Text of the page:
Composer and lyricist, Harold Rome was born in Hartford, Connecticut on May 27, 1908. He learned to play the piano in his childhood and performed with many dance bands during high school. Rome attended Trinity College and Yale University where he studied architecture. An excellent swing pianist, he joined the Yale University Orchestra and supported himself by playing in nightclubs and dance halls. After graduating from the Yale School of Architecture in 1929, the stock market. Unable to find work during the depression, he decided to try his luck as a musician. He wrote arrangements for various bands as well as shows for Green Mansions, a Jewish summer resort in the Adirondacks.
On the basis of some of his Green Mansions songs, Louis Schaffer, the drama bead of the International Ladies Garment Workers Union, commissioned him to compose the songs for a revue sponsored by the ILGWU, from whose ranks the performers were to come. The revue, titled Pins and Needles, opened on Broadway in 1937 at the tiny Princess Theatre. It originally played only on weekends, but it was so popular that it quickly added performances and moved to the larger Windsor Theatre. Pins and Needles ran for 1,108 performances, the longest run of any musical during the 1930’s. Songs from the production included "Sunday In the Park" and "Sing Me a Song of Social Significance," which reflected the new populist, socially conscious outlook that had come into existence during the first years of the Roosevelt administration. The Hudson-DeLange Orchestra with vocalist Mary McHugh recorded a version of "Sunday In the Park," which became Rome's first hit song.
Legendary playwrights George S. Kaufman and Moss Hart admired Pins and Needles, and enlisted Rome to write the music for the topical Broadway revue Sing Out the News in 1938. One of the most popular numbers from the show was “FDR Jones”. The production was another success, however, World War II had broken out in Europe and Rome joined the US army special services, writing music and lyrics to entertain the troops.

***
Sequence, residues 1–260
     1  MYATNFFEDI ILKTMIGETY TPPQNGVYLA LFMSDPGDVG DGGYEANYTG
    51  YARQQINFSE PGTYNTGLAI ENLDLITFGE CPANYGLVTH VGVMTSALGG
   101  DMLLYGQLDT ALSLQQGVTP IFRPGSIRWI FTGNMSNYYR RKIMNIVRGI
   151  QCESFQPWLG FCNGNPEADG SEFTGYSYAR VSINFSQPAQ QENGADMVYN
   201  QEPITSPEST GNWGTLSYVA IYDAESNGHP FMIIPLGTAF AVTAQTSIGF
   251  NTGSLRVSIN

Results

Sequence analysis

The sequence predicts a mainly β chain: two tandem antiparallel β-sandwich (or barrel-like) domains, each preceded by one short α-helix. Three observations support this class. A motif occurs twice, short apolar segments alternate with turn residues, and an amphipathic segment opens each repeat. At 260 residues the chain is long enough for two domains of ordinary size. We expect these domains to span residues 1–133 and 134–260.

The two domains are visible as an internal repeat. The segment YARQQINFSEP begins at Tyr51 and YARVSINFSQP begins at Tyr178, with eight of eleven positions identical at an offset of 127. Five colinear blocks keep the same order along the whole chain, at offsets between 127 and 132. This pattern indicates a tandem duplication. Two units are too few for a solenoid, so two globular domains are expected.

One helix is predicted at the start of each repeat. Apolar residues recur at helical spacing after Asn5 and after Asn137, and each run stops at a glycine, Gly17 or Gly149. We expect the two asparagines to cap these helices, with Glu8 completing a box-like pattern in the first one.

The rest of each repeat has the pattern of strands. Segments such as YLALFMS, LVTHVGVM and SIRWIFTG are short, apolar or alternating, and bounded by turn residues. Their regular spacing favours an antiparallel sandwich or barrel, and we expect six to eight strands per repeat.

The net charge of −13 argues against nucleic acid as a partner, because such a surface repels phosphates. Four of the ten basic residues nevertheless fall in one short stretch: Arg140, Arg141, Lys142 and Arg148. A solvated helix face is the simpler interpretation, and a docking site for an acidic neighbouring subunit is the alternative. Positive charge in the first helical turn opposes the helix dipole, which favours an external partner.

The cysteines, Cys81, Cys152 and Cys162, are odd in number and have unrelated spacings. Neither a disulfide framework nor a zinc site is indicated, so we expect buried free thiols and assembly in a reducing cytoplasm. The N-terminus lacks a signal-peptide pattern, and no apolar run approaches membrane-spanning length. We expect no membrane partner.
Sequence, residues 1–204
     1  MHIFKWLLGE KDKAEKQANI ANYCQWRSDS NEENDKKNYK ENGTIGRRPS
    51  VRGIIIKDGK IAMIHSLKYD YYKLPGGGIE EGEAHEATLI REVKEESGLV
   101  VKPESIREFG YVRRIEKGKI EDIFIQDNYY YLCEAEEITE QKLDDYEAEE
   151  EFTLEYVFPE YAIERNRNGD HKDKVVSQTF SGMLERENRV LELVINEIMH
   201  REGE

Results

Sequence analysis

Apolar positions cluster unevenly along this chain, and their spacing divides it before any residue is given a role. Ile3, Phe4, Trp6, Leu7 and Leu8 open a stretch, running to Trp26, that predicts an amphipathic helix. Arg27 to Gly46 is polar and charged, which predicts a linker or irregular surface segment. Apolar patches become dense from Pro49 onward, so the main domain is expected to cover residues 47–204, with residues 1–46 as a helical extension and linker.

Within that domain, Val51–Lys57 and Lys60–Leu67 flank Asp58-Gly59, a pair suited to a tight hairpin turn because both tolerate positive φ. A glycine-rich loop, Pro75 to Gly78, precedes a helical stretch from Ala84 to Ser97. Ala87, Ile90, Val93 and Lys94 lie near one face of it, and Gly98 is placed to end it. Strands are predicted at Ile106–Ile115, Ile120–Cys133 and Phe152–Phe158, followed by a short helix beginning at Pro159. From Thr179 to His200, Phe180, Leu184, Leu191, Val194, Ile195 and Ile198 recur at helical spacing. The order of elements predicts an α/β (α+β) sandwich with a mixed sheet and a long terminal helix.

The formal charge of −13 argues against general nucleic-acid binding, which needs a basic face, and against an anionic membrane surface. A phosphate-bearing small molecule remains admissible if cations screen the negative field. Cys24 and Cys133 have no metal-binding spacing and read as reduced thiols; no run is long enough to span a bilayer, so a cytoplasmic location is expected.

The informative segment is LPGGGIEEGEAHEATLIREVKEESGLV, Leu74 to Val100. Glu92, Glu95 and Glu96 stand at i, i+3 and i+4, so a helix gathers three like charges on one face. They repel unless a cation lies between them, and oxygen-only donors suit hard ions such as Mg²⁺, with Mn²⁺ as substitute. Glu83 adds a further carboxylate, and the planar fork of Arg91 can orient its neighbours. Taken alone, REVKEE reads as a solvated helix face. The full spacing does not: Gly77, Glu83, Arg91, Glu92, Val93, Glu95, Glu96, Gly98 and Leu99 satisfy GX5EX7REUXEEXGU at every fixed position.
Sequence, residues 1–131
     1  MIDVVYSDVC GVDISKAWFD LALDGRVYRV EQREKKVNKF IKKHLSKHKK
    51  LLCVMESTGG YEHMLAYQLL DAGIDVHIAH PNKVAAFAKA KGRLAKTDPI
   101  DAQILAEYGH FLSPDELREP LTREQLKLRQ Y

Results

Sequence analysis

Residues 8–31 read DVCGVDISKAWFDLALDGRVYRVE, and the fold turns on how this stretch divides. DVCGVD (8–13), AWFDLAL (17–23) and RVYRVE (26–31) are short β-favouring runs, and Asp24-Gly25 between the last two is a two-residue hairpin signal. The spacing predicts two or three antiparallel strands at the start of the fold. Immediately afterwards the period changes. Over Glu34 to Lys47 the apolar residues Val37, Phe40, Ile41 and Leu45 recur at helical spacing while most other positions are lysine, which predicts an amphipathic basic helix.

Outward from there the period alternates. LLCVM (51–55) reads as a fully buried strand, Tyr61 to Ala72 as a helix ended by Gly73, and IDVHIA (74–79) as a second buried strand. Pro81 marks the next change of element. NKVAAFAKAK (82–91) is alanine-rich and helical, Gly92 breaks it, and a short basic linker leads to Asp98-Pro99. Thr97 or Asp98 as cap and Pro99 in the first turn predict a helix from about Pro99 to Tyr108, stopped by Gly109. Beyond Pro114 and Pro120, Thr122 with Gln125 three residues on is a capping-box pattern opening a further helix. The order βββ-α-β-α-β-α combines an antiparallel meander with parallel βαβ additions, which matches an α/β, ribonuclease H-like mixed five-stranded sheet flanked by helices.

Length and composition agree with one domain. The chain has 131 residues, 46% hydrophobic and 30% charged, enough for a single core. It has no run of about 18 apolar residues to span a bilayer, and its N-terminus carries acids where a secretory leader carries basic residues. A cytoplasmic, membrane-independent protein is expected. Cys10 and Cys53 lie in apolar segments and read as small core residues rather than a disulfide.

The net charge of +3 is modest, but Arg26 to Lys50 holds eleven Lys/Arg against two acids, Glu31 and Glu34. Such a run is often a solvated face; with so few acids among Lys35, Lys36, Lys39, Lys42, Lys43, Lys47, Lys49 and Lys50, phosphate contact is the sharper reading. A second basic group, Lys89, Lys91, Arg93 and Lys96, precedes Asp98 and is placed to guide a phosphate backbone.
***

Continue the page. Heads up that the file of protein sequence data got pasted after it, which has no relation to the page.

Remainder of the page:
After his discharge from the army, he wrote the last of his social and political revues, Call Me Mister (1946), which celebrated the joys of civilian life and gave expression to the post-war euphoria sweeping the United States while poking fun at the altered society the veterans were coming home to. The most popular song from the show was "South Arnerica, Take It Away," which was most successfully recorded by Bing Crosby and the Andrews Sisters. The score also included a tribute to the late President Roosevelt, "The Face On the Dime."
In the 1950’s Rome continued, with limited success, to contribute to revues, including Michael Todd's Peep Show, Alive and Kicking, and Bless You All. Rome's first book musical, Wish You Were Here, was for producer Joshua Logan, who also wrote the libretto with Arthur Kober. The musical, set at a Catskill resort, opened in 1952 to negative reviews, but a re-tooling of the book by Logan and an Eddie Fisher recording of the title song (that would eventually reach #1 on the charts) turned the show into a 598 performance hit. Rome's other Broadway musicals were Fanny (1954), Destry Rides Again (1959), and I Can Get It For You Wholesale (1962).
Rome's last Broadway musical was 1965's Zulu and the Zayda, which dealt with racial and religious intolerance and showed that the social conscience that marked his early work was still intact. It was based on the short story “The Zulu and the Zeide” by Dan Jacobson. Rome's final work was an adaptation of Gone With the Wind, which was met with moderate success in Tokyo, London and Los Angeles in 1973.
Harold Rome died in New York City on October 26,1993 at the age of 85.